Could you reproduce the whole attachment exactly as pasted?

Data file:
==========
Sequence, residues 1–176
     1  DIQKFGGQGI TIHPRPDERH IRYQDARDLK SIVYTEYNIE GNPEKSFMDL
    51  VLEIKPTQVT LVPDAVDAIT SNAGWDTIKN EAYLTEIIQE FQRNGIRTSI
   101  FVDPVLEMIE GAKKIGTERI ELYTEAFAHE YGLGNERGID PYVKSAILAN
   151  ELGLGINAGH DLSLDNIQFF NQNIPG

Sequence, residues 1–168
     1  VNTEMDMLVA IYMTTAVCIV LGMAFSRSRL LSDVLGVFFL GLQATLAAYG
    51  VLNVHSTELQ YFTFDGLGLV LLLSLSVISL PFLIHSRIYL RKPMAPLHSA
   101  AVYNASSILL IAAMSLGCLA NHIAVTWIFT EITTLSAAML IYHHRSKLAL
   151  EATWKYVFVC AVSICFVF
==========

Sequence, residues 1–176
     1  DIQKFGGQGI TIHPRPDERH IRYQDARDLK SIVYTEYNIE GNPEKSFMDL
    51  VLEIKPTQVT LVPDAVDAIT SNAGWDTIKN EAYLTEIIQE FQRNGIRTSI
   101  FVDPVLEMIE GAKKIGTERI ELYTEAFAHE YGLGNERGID PYVKSAILAN
   151  ELGLGINAGH DLSLDNIQFF NQNIPG

Sequence, residues 1–168
     1  VNTEMDMLVA IYMTTAVCIV LGMAFSRSRL LSDVLGVFFL GLQATLAAYG
    51  VLNVHSTELQ YFTFDGLGLV LLLSLSVISL PFLIHSRIYL RKPMAPLHSA
   101  AVYNASSILL IAAMSLGCLA NHIAVTWIFT EITTLSAAML IYHHRSKLAL
   151  EATWKYVFVC AVSICFVF